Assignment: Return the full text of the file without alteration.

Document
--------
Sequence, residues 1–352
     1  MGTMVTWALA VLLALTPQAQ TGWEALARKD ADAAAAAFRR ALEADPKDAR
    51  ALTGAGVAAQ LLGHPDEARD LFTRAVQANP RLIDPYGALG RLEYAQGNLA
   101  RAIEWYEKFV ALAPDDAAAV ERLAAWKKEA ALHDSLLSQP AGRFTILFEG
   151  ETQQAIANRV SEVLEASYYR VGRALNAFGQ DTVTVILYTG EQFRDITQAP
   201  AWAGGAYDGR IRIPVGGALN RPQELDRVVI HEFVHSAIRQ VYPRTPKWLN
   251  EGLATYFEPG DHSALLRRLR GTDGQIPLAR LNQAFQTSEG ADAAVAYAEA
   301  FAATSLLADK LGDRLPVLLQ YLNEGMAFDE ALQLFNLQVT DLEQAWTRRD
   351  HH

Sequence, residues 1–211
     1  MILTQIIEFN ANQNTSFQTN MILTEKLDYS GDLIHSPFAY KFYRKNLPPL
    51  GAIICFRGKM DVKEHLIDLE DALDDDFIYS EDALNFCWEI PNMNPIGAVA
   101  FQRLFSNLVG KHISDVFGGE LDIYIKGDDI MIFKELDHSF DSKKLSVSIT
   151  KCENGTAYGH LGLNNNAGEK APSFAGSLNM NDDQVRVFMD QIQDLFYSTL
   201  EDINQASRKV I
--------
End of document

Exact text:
Sequence, residues 1–352
     1  MGTMVTWALA VLLALTPQAQ TGWEALARKD ADAAAAAFRR ALEADPKDAR
    51  ALTGAGVAAQ LLGHPDEARD LFTRAVQANP RLIDPYGALG RLEYAQGNLA
   101  RAIEWYEKFV ALAPDDAAAV ERLAAWKKEA ALHDSLLSQP AGRFTILFEG
   151  ETQQAIANRV SEVLEASYYR VGRALNAFGQ DTVTVILYTG EQFRDITQAP
   201  AWAGGAYDGR IRIPVGGALN RPQELDRVVI HEFVHSAIRQ VYPRTPKWLN
   251  EGLATYFEPG DHSALLRRLR GTDGQIPLAR LNQAFQTSEG ADAAVAYAEA
   301  FAATSLLADK LGDRLPVLLQ YLNEGMAFDE ALQLFNLQVT DLEQAWTRRD
   351  HH

Sequence, residues 1–211
     1  MILTQIIEFN ANQNTSFQTN MILTEKLDYS GDLIHSPFAY KFYRKNLPPL
    51  GAIICFRGKM DVKEHLIDLE DALDDDFIYS EDALNFCWEI PNMNPIGAVA
   101  FQRLFSNLVG KHISDVFGGE LDIYIKGDDI MIFKELDHSF DSKKLSVSIT
   151  KCENGTAYGH LGLNNNAGEK APSFAGSLNM NDDQVRVFMD QIQDLFYSTL
   201  EDINQASRKV I